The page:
National Federation of the Blind, et al v. Arizona Board of Regents, et al

Filing 43

RESPONSE in Opposition re 29 MOTION to Dismiss Case (Plaintiff Shandrow) for Lack of Standing filed by American Council of the Blind, National Federation of the Blind, Darrell Shandrow. (Attachments: # 1 Declaration of Darrell Shandrow, # 2 Declaration of Amy F. Robertson)(Robertson, Amy)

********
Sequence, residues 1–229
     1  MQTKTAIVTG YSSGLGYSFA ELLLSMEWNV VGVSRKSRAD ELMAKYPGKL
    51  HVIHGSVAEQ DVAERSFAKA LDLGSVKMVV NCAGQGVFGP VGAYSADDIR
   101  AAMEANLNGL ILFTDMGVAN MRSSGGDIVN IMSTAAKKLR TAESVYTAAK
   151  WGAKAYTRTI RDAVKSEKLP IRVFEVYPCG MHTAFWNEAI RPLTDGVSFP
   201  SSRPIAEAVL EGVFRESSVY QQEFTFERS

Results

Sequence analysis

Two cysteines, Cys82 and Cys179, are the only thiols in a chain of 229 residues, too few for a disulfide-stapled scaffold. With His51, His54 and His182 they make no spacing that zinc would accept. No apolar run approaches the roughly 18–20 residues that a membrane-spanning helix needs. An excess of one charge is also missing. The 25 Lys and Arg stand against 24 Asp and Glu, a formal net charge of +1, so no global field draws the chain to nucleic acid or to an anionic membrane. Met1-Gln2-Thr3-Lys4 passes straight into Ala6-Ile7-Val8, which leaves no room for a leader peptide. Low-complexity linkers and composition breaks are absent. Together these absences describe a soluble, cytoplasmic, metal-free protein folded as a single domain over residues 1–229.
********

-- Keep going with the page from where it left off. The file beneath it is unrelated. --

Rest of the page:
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BONNETT, FAIRBOURN, FRIEDMAN & BALINT, P.C. Andrew S. Friedman (AZ Bar. 005425) Guy A. Hansen (AZ Bar. 013549) 2901 North Central Avenue, Suite 1000 Phoenix, Arizona 85012 Telephone: 602-274-1100 Facsimile: 602-274-1199 BROWN, GOLDSTEIN & LEVY, LLP Daniel F. Goldstein (pro hac vice) Mehgan Sidhu (pro hac vice) 120 E. Baltimore St., Suite 1700 Baltimore, MD 21202 Telephone: 410-962-1030 Facsimile: 410-385-0869 Counsel for Plaintiffs [Additional Counsel Appear on Signature Page] UNITED STATES DISTRICT COURT for the District of Arizona The NATIONAL FEDERATION OF THE BLIND, The AMERICAN COUNCIL OF THE BLIND, and DARRELL SHANDROW, Plaintiffs, v. ARIZONA BOARD OF REGENTS and ARIZONA STATE UNIVERSITY, Case No. 2:09-cv-01359-GMS PLAINTIFFS’ BRIEF IN OPPOSITION TO DEFENDANTS’ MOTION TO DISMISS PLAINTIFF DARRELL SHANDROW FOR LACK OF STANDING (Honorable G. Murray Snow) Oral argument requested Defendants. INTRODUCTION Despite full knowledge that the Amazon Kindle electronic book reader is inaccessible to blind students, Defendant Arizona State University (“ASU”) is moving forward with a pilot program to test the Kindle with the goal of accelerating the adoption of electronic textbooks. This pilot program does not include -- and will thus neither seek nor receive feedback from -- any blind students. Although plaintiff Darrell Shandrow -- a blind junior at ASU -- is not in any of the pilot program classes, given ASU’s stated plans for wider adoption of the Kindle, it is very likely that it will be used in his future classes. ASU will harm Mr. Shandrow by providing advanced e-book features to his sighted classmates while relegating him to inferior and error-ridden alternative formats. In addition, ASU’s Kindle program harms Mr. Shandrow because he is offended and made to feel unwelcome by his university’s pursuit of inaccessible technology through a pilot program that excludes him and other students with his disability. Finally, Mr. Shandrow is injured by having to pay tuition to support this discriminatory technology. FACTS 1. Electronic Book Readers An electronic book (“e-book”) is a digital file consisting of the content of a book formatted to be read on a computer or similar device. Because an e-book consists of digital code, it is not inherently legible, audible, or tactile. Rather, an e-book is read using a device that renders the code visually, aurally, or tactilely.1 1 Compl. (Doc. No. 1) ¶ 10. -1- The Kindle -- sold by, Inc. -- is a dedicated device for reading e-books. For readers of print, it renders the e-book into visible text on electronic paper to simulate the experience of reading a print book. The most recent versions of the Kindle -the Kindle 2 and the Kindle DX -- also have a text-to-speech (“TTS”) function that renders the e-book into audible speech; thus, if the Kindle menus were accessible, blind people would have access to the same content as sighted people through these Kindles.2 The Kindle’s wireless modem allows users to download books directly -- and immediately -- without use of a computer or other intermediate device. Users can take notes using the Kindle’s keyboard, highlight text, and look up the definitions of words.3 Adrian Sannier, ASU’s Vice President and University Technology Officer, has stated: “Electronic texts provide the capabilities that today’s students have come to expect -- they are searchable, flexible, easy to annotate, and cost less than traditional texts because they don’t have to be printed and shipped.” 4 Blind people cannot use the Kindle independently. Although the Kindle DX renders text audibly through its TTS function, the menus (for selecting a book, activating features, device settings, etc.) are visible on-screen only, with no audio option. If a person cannot see the screen, she cannot know which book she has selected, what the configuring settings are or how to change them, or how to navigate the on-screen menu. Similarly, without audible screen navigation, the Kindle DX web browser, Kindle Store, 2 Id. ¶¶ 12-13. 3 Id. ¶¶ 16-18. 4 Dep. of Adrian Sannier (Sannier Dep.”), Ex. 3 (Declaration of Amy F. Robertson (“Robertson Decl.”) Ex. 1); see also Complaint ¶¶ 26-27. -2- and other features will simply not work for blind people.5 2. The Kindle Pilot Program. ASU is one of six colleges and universities participating in Amazon’s pilot program to test the use of the Kindle in college classes.6 It is clear that the ultimate goal of the ASU pilot program is university-wide adoption of the Kindle. Dr. Sannier stated that he is “pumped to work with Amazon and to see how the Kindle can help the University accelerate the adoption of electronic textbooks into a variety of courses.” 7 Kari Barlow, an ASU Assistant Vice President in the University Technology Office, has stated that “[o]ur initial pilot is for our undergraduate honors program, but we plan to extend the Kindle availability to all ASU students soon . . ..” 8 The current pilot program involves three sections of a single freshman course.9 Students in these sections will receive a free Kindle and, in exchange, will agree to provide feedback.10 “Feedback from the pilot, including accessibility issues, will be considered by ASU in making future decisions about using the Kindle DX.” 11 Although Dr. Sannier has testified that “[p]art of the feedback ASU will provide to Amazon is the experience of any participating disabled students, including its 5 Compl. ¶ 19. 6 Id. ¶¶ 12-22, 24. 7 Sannier Dep. Ex. 3 at 2. 8 Id. Ex. 23 (Robertson Decl. Ex. 1). 9 Decl. of Ted Humphrey (“Humphrey Decl.”), Mot. to Dismiss Pl. Shandrow for Lack of Standing, Ex. 1 (Doc. No. 29-2) ¶ 4. 10 Id. ¶ 5. 11 Decl. of Adrian Sannier (“Sannier Decl.”), Mot. to Dismiss Pl. Shandrow for Lack of Standing, Ex. 2 (Doc. No. 29-2) ¶ 11. -3- accessibility to visually impaired students,” 12 ASU admits both that there are no blind students in the pilot program 13 and that it was aware when it signed up for the pilot program that the Kindle was not accessible.14 Indeed, Defendants have indicated that they anticipate that blind students will continue to obtain textbooks in the same -- highly inferior -- way they always have: through the school’s Disability Resource Center (“DRC”).15 However, Plaintiff Darrell Shandrow’s past experience with the DRC demonstrates that it is far from equivalent to the experience provided by the Kindle. The DRC insists that Mr. Shandrow -- a blind student at ASU 16 -- purchase textbooks at full price and provide invoices before the DRC will start the process of attempting to obtain an accessible version for him. As a result, his receipt of usable textbooks is significantly delayed. On one occasion, the course instructor changed the course textbook and Mr. Shandrow did not learn of the change until shortly before the course started. He never got the new book in an accessible format; rather, he had to use an older, audio-recorded version.17 What Mr. Shandrow receives from the DRC is often full of errors and there is often no pagination, headings, or other structural data, so Mr. Shandrow has to wade through the text unsure whether he is reading the assigned text.18 The DRC recognizes its own inability to provide accessible textbooks on an equal 12 Sannier Decl. ¶ 8. 13 Humphrey Decl. ¶ 7. 14 Sannier Dep. at 60. 15 See Defs.’ Opp’n to Mot. for Prelim. Inj. at 8. 16 Decl. of Darrell Shandrow (“Shandrow Decl.”) ¶ 4. 17 Id. ¶¶ 7, 9-10. 18 Id. ¶¶ 7-8. -4- basis even with traditional printed texts; this inequality is magnified when contrasted with textbooks available on the Kindle. For example, the DRC warns blind students that, “[t]extbook/print conversion is a time-intensive process, especially for technical subject matter, and can require up to four months.” 19 This means that blind students have far less flexibility in their schedules. Perhaps recognizing that this system will often provide inferior results, the DRC “strongly recommend[s]” that students with disabilities become familiar with methods of obtaining accessible materials on their own.20 Ultimately, the DRC admits that this process can lead to an inferior educational experience, as it recommends that students who need accessible materials “discuss the possibility of a reduced reading load.” 21 The alternative formats provided to blind students by the DRC are inferior to sighted students’ experience of reading printed text. When sighted students are provided the additional advantage of the Kindle, this disparity increases enormously. In contrast, an accessible Kindle would eliminate all of these difficulties and provide textbooks on an equal basis with equal accuracy and timing. Unlike print books, the electronic files that constitute e-books are already accessible. The only thing lacking for a blind student to fully use and enjoy the Kindle is an accessible menu. 19 (last visited August 23, 2009) (Robertson Decl. Ex. 2). 20 (last visited August 23, 2009) (Robertson Decl. Ex. 3). 21 Id. -5- 3. Notice to ASU Concerning The Inaccessibility of the Kindle. On May 7, 2009, a representative of the Reading Rights Coalition (“RRC”), which includes Plaintiffs National Federation of the Blind (“NFB”) and American Council of the Blind (“ACB”), wrote to the president of ASU and explained that “[t]he controls and navigation features of the Kindle are inaccessible to blind and visually impaired students and faculty who will not be able to independently navigate Kindle’s menus, change settings, locate books or documents, or be able to identify critical information, such as device settings.” 22 Given this notice and Dr. Sannier’s admission that he knew the Kindle was inaccessible, 23 ASU did not need a pilot program to learn that it is adopting inaccessible and therefore discriminatory technology. Trying to learn about accessibility through the Kindle pilot program is like building a new high-tech classroom building with steps at every entrance, scheduling only classes without students who use wheelchairs in the new building, and then declaring a one-year pilot program to evaluate the building, including its accessibility to students who use wheelchairs. ASU would not need a pilot program to know that steps render the building inaccessible and violate the school’s obligation to its disabled students. To carry the analogy further, ASU’s response (that blind students can continue to get their materials from the DRC) is like telling students who use wheelchairs that they can always use the old building -- with its pre-Internet-age wiring, peeling paint, 22 Letter from Daniel F. Goldstein to Michael M. Crow dated May 7, 2009 (Robertson Decl. Ex. 4). 23 Sannier Dep. at 60; see also Compl. ¶¶ 34-36. -6- and faulty acoustics -- just like they always have, while their non-disabled classmates enjoy the advantages of the new building. On the other hand, insisting that Amazon provide an accessible Kindle so that ASU can comply with the law is as straightforward as insisting that a contractor provide a building with ramps. 4. Injury-in-Fact to Plaintiff Shandrow. Mr. Shandrow is threatened by the discrimination and harm that will occur when his sighted classmates are provided advanced but inaccessible e-book readers while he is relegated to the existing, inferior, alternative formats. In light of ASU’s announced plans, it is likely that ASU will adopt the Kindle for wider use after the conclusion of the pilot program. Ms. Barlow has stated that ASU “plan[s] to extend the Kindle availability to all ASU students soon,” 24 and Dr. Sannier testified that he has “actively sought out . . . other courses in which to deploy the Kindle,” and that “those classes could be ones that Darrell Shandrow could enroll in.”25 Indeed, students currently enrolled in the pilot program are not limited to using their Kindles for the Human Event class, but will have access to this inaccessible technology for other classes as well as extracurricular reading, benefits denied Mr. Shandrow. This constitutes injury to Mr. Shandrow because the Kindle is inaccessible to him and its use in ASU classes thus discriminates and will discriminate against him. Furthermore, Mr. Shandrow has been aware of ASU’s Kindle pilot program since it was announced in May, 2009. Since then, he has suffered the dignitary harm of 24 Sannier Dep. Ex. 23. 25 Sannier Dep. at 42. -7- observing his university adopt and trumpet a technology that it knows is inaccessible to him and others with his disability, and test that technology -- with the goal of adopting it more broadly -- through a pilot program that excludes feedback from him and others with his disability. ASU’s discrimination has caused Mr. Shandrow to feel offended, excluded, and unwelcome in his own university.26 Finally, Mr. Shandrow is injured because his tuition is being used to support known inaccessible technology and a pilot program that is testing that technology without meaningful feedback from blind students.27 5. Legal Background. Mr. Shandrow, the NFB, and the ACB bring suit under title II of the Americans with Disabilities Act (“Title II” or “ADA”)28 and section 504 of the Rehabilitation Act (“Section 504”).29 Both statutes prohibit discrimination on the basis of disability, the former by public entities, the latter by entities that receive federal financial assistance. ASU has admitted that it is covered by both statutes.30 The ADA was enacted in 1990 “to provide a clear and comprehensive national mandate for the elimination of discrimination against individuals with disabilities .” 31 26 Shandrow Decl. ¶¶ 12-13. 27 Id. ¶ 12. 28 42 U.S.C. § 12131 et seq. 29 29 U.S.C. § 794. 30 Defs.’ Opp’n to Mot. for Prelim. Inj. at 7. 31 42 U.S.C. § 12101(b)(1); see also PGA Tour, Inc. v. Martin, 532 U.S. 661, 675 (2001) (holding that the ADA provides a “broad mandate” to eliminate discrimination against people with disabilities). -8- The ADA and Section 504 prohibit, among other things, denying people with disabilities the opportunity to participate in a benefit or service, and providing a benefit or service to people with disabilities that is not equal to or as effective as that provided others.32 While blind students have, for years, had to be content with inferior alternative formats to hardcopy textbooks, the advent of e-books puts virtually identical access easily within reach. Commentary by the Department of Education, which is charged with enforcing Section 504 in the education context, makes clear that “the provision of unnecessarily separate or different services is discriminatory.” 33 By adopting a technology that is unnecessarily inaccessible, Defendants are in violation of the ADA and Section 504. ARGUMENT I. Applicable Standards Defendants move pursuant to Rule 12(b)(1) to dismiss Plaintiff Shandrow for lack of standing.34 In order to establish that he has standing to sue, Mr. Shandrow must show that he has “‘suffered an injury in fact -- an invasion of a legally protected interest which is (a) concrete and particularized, and (b) actual or imminent, not conjectural or hypothetical.” 35 Although plaintiffs are also required to establish causation and 32 28 C.F.R. § 35.130(b)(1)(i)-(iii); 34 C.F.R. § 104.4(b)(1)(i)-(iii). 33 34 C.F.R. pt. 104, app. A, “Analysis of Final Regulation.” 34 Mot. to Dismiss Pl. Shandrow for Lack of Standing (“Mot. to Dismiss,” Doc. No. 29) at 1. 35 D’Lil v. Best Western Encina Lodge & Suites, 538 F.3d 1031, 1036 (9th Cir. 2008) (quoting Lujan v. Defenders of Wildlife, 504 U.S. 555, 560 (1992)). -9- redressability,36 Defendants here challenge only the injury-in-fact prong.37 Defendants make a facial challenge to Mr. Shandrow’s standing.38 Ordinarily, “[g]iven the nature of a facial attack, a court is required to accept the allegations in the complaint as true and view them in the light most favorable to the plaintiff.” 39 In this case, Defendants have submitted extrinsic evidence; however, such evidence serves to bolster rather than rebut Mr. Shandrow’s standing. Plaintiffs also submit extrinsic evidence, which amplifies and explains matters pleaded in the Complaint. In the Ninth Circuit, “[i]n evaluating whether a civil rights litigant has satisfied the standing requirements of Article III, ‘[t]he Supreme Court has instructed us to take a broad view of constitutional standing . . . especially where, as under the ADA, private enforcement suits “are the primary method of obtaining compliance with the Act.”’” 40 II. Mr. Shandrow Has Standing Based On The Threat of Discrimination From Wider Adoption of the Kindle at ASU. As the Ninth Circuit has noted, “[t]he Supreme Court has consistently recognized that threatened rather than actual injury can satisfy Article III standing requirements.” 41 Article III standing “does not require a certainty or even a very high probability that the 36 D’Lil, 538 F.3d at 1036. 37 Mot. to Dismiss at 3. Defendants do not challenge the NFB’s or ACB’s standing. 38 Id. at 2 n.1. 39 Madison v. First Magnus Fin. Corp., 08-CV-1562-PHX-GMS, 2009 WL 648500, at *2 (D. Ariz. Mar. 12, 2009) (citing Love v. United States, 915 F.2d 1242, 1245 (9th Cir. 1988)). 40 D’Lil, 538 F.3d at 1036 (quoting Doran v. 7-Eleven, Inc., 524 F.3d 1034, 1039-40 (9th Cir. 2008) and Trafficante v. Metro. Life Ins. Co., 409 U.S. 205, 209 (1972)). 41 Harris v. Bd. of Supervisors, Los Angeles County, 366 F.3d 754, 761 (9th Cir. 2004) (internal quotations omitted). -10- plaintiff is complaining about a real injury, suffered or threatened;” such standing exists “as long as there is some nonnegligible, nontheoretical, probability of harm that the plaintiff’s suit if successful would redress. . . . the fact that a loss or other harm on which a suit is based is probabilistic rather than certain does not defeat standing.” 42 In this case, it is very likely that Mr. Shandrow will be harmed by the adoption of the Kindle in future classes in which he is enrolled and by the use of the Kindle in his classes by other students, including those in the pilot program. This will deny him access to the features and advantages of the Kindle enjoyed by his sighted classmates. The Supreme Court recently provided an excellent example of standing based on potential future discrimination in the education context. In Parents Involved in Community Schools v. Seattle School District No. 1,43 an organization of parents of middle school children challenged a race-based plan to assign students to high schools. The defendant argued that the members did not have standing because none was currently being affected by the plan, and would only be affected if they sought enrollment in a covered high school, and if that high school were oversubscribed, and if such oversubscription were sufficiently racially imbalanced to trigger application of the racebased assignment plan.44 Despite these contingencies, the Supreme Court held that the members had standing because they “may be ‘denied admission to the high schools of 42 MainStreet Org. of Realtors v. Calumet City, Ill., 505 F.3d 742, 744 (7th Cir. 2007). 43 551 U.S. 701 (2007). 44 Id. at 718. -11- their choice when they apply for those schools in the future.’” 45 In Ocean Advocates v. United States Army Corps of Engineers, the Ninth Circuit held that an environmental organization had standing to challenge a proposed dock extension based on the risk that it would lead to increased tanker traffic, which increased traffic posed a risk of an oil spill, which oil spill would lead to decreased opportunity for the organization’s members to use the area for observation and recreation.46 The court explained that “the alleged injury is not conjectural or hypothetical, as ‘an increased risk of harm can itself be injury in fact for standing,’ and nothing necessitates a showing of existing environmental harm.” 47 In Harris v. Board of Supervisors, the Ninth Circuit held that the chronically ill plaintiffs had standing to challenge the closing of one hospital and reduction of the number of beds in another on the grounds that “reducing the resources available will further impede the County’s ability to deliver medical treatment to plaintiffs in their times of need,” thereby threatening to harm them.48 Here, ASU has announced that a goal of the pilot program is to “accelerate the adoption of electronic textbooks” 49 and that it plans to “extend the Kindle availability to all ASU students soon.” 50 Dr. Sannier has stated that this could include courses in which 45 Id. (internal quotations omitted). 46 402 F.3d 846, 860 (9th Cir. 2005). 47 Id. (quoting Ecological Rights Found. v. Pac. Lumber Co., 230 F.3d 1141, 1151 (9th Cir. 2000)). 48 366 F.3d at 762. 49 Sannier Dep. Ex. 3 at 2. 50 Id. Ex. 23. -12- Mr. Shandrow is enrolled.51 It is thus very likely that Mr. Shandrow will, in the future, be enrolled in classes in which his sighted classmates will use Kindles while he will be excluded from this program and relegated to the inferior, error-ridden alternative system through which ASU currently attempts to provide accessible textbooks. The likelihood that Mr. Shandrow will suffer this injury is far greater than the highly contingent chance that the plaintiffs in Parents Involved would be excluded from the high school of their choice based on their race or that the plaintiffs in Ocean Advocates would be harmed by an oil spill. As the Ninth Circuit observed in Harris, “demanding that plaintiffs wait until they suffer physical harm to sue “would eliminate the claims of those most directly threatened but not yet [damaged] . . .. Article III does not bar such concrete disputes from court.” 52 The threat of harm to Mr. Shandrow -- when ASU adopts the Kindle more widely -- is thus sufficient to confer standing. III. The Dignitary Harm Suffered By Mr. Shandrow Is Also Sufficient To Satisfy Article III. The Ninth Circuit has held that “the dignitary harm to a disabled person of observing . . . overtly discriminatory conditions,” is sufficient to constitute an injury-infact supporting Article III standing.53 The Smith case addressed the standing of a “tester,” a disabled individual who worked with a fair housing organization to visit apartment complexes and assess their compliance with the Fair Housing Amendments Act 51 Sannier Dep. at 42. 52 366 F.3d at 762 (internal quotations omitted; brackets in original). 53 Smith v. Pac. Props. and Dev. Corp., 358 F.3d 1097, 1104 (9th Cir. 2004). -13- (“FHAA”).54 Plaintiff Smith visited one of the defendant’s developments and observed various barriers in the common area; however, the fair housing organization admitted that none of its members -- including Mr. Smith -- had any interest in purchasing or renting property from the defendant.55 The district court dismissed for lack of standing.56 The Ninth Circuit reversed, holding that Mr. Smith’s dignitary harm -- from observing discriminatory conditions at the complex -- was sufficient to constitute injuryin-fact and that an interpretation to the contrary would “undermine[ ] the specific intent of the FHAA, which is to prevent disabled individuals from feeling as if they are secondclass citizens.” 57 The ADA’s intent is similar to that of the FHAA. The statutory text recognizes that “the Nation’s proper goals regarding individuals with disabilities are to assure equality of opportunity, full participation, independent living, and economic self-sufficiency for such individuals,” 58 and the legislative history states that “[p]rovision of segregated accommodations and services relegate persons with disabilities to secondclass citizen status.” 59 The dignitary harm suffered by Mr. Shandrow here is arguably more significant than that suffered by the plaintiff in Smith. The latter observed discriminatory conditions only briefly during a single visit to an apartment complex in which he did not reside or 54 Pub. L. No. 100-430, 102 Stat. 1619 (codified as amended at 42 U.S.C. §§ 3601-3619, 3631 (1988)). 55 Smith, 358 F. 3d at 1102. 56 Id. at 1100. 57 Id. at 1104. 58 42 U.S.C. § 12101(a)(1), (8). 59 H.R. Rep. No. 101-485, pt. 3 at 56, reprinted in 1990 U.S.C.C.A.N. 445, 479. -14- desire to reside. Mr. Shandrow is daily confronted with the reality that his own university has elected to adopt a technology that excludes him and others with his disability, and that they are doing this with full knowledge of the discriminatory features of the technology. This constitutes injury-in-fact under the ADA and Section 504. The injury in Smith was similar to the one recognized by the Ninth Circuit in Harris v. Itzhaki, in which the plaintiff, an African-American resident of an apartment complex, overheard the on-site manager state that “[t]he owners don’t want to rent to Blacks.” 60 The plaintiff later became aware that a test of the apartment by a fair housing organization indicated discrimination on the basis of race.61 Despite the fact that the plaintiff already lived in the complex, the Ninth Circuit held that she had standing “based solely on [the] indirect injury because she had alleged that she suffered ‘a distinct and palpable injury’ resulting from the differential treatment” of the testers.62 Ultimately, “[a]n injury need not be economic or tangible in order to confer standing.”63 The Supreme Court has held that standing can be conferred by such inchoate harm as deprivation of the social benefits of living in an integrated community.64 Similarly, the Ninth Circuit has held that a feeling of unwelcomeness in or aversion to 60 183 F.3d 1043, 1048 (9th Cir. 1999). 61 Id. 62 Id. at 1050. The plaintiff had also been injured by receiving several notices to pay rent, which she immediately satisfied. Id. at 1049-50. The Ninth Circuit considered that injury separate from the one above involving Ms. Harris’s observation and knowledge of discrimination against others. Id. at 1050. 63 LeBlanc-Sternberg v. Fletcher, 67 F.3d 412, 425 (2d Cir. 1995). 64 See, e.g., Trafficante, 409 U.S. at 208-210. -15- facilities -- based on disagreement with the discriminatory views of the entity controlling the facilities -- was sufficient to confer standing. In Barnes-Wallace v. City of San Diego, that court held that lesbian and agnostic couples had standing to challenge a city’s lease of land to the Boy Scouts because -- based on the Boy Scouts’ policy of discrimination in membership against individuals who are gay or agnostic -- the plaintiffs “had an aversion to the facilities and felt unwelcome there.” 65 This was so despite the fact that the plaintiffs had not applied to use nor been excluded from the facilities, nor had any nonScout group been denied use.66 Like the plaintiffs in Smith, Harris v. Itzhaki, and Barnes-Wallace, Plaintiff Shandrow is harmed by his knowledge that the university he attends -- his community -is moving forward with technology that is unnecessarily inaccessible, relegating him to delayed and error-ridden alternatives that will effectively segregate him from his peers both academically and technologically. He has testified that this is offensive to him, and makes him feel unwelcome.67 This is sufficient to establish injury-in-fact. IV. Mr. Shandrow Is Harmed by Paying Tuition to Support Unnecessarily Inaccessible Technology. Mr. Shandrow has suffered a tangible, economic injury because his tuition is being used to support technology that is known to be inaccessible and a pilot program that does not include him or individuals with his disability. In Hack v. President and Fellows of 65 530 F.3d 776, 783 (9th Cir. 2008). See also Buono v. Norton, 371 F.3d 543, 547 (9th Cir. 2004) (holding that the plaintiff had standing to challenge presence of cross on public land because he was offended by it and would avoid the area where it was located). 66 Barnes-Wallace, 530 F.3d at 782. 67 Shandrow Decl. ¶¶ 12-13. -16- Yale College, the Second Circuit held that Orthodox Jewish students had standing to challenge the requirement that they live in co-ed dormitories based on the “tangible, economic injury” of being forced to pay for dormitory rooms that were effectively unavailable to them because of their religion.68 Mr. Shandrow’s injury is similar to that of the Hack plaintiffs. ASU resources are being used on the inaccessible pilot program. For example, the University paid for 35 of the Kindles and for a coordinator for the pilot program.69 “The fact that the added cost has not been estimated and may be slight does not affect standing, which requires only a minimal showing of injury.” 70 The fact that Mr. Shandrow’s tuition is supporting this inaccessible technology is sufficient to confer standing. CONCLUSION For the reasons set forth above, Plaintiffs respectfully request that this Court deny Defendants’ Motion to Dismiss Plaintiff Shandrow for Lack of Standing. Plaintiffs respectfully request oral argument on this motion. 68 237 F.3d 81, 88 (2d Cir. 2000), abrogated on other grounds by Swierkiewicz v. Sorema N. A., 534 U.S. 506 (2002). 69 Sannier Dep. at 74. 70 Crawford v. Marion County Election Bd., 472 F.3d 949, 951 (7th Cir. 2007) (citing Friends of the Earth, Inc. v. Laidlaw Envtl. Servs. (TOC), Inc., 528 U.S. 167, 180-84 (2000)). -17- Respectfully submitted, /s/ Amy F. Robertson FOX & ROBERTSON, P.C. Amy F. Robertson (pro hac vice) 104 Broadway, Suite 400 Denver, CO 80203 Telephone: 303-595-9700 Facsimile: 303-595-9705 BONNETT, FAIRBOURN, FRIEDMAN & BALINT, P.C. Andrew S. Friedman (AZ Bar. 005425) Guy A. Hanson (AZ Bar. 013549) 2901 North Central Avenue, Suite 1000 Phoenix, AZ 85012-3311 Telephone: 602-274-1100 Facsimile: 602-274-1199 BROWN, GOLDSTEIN & LEVY, LLP Daniel F. Goldstein (pro hac vice) Mehgan Sidhu (pro hac vice) 120 E. Baltimore St., Suite 1700 Baltimore, MD 21202 Telephone: 410-962-1030 Facsimile: 410-385-0869 Eve Hill (pro hac vice) 1667 K St. NW, Suite 640 Washington, DC 20006 Telephone: 202-296-2044 Facsimile: 202-296-2047 Attorneys for Plaintiffs -18-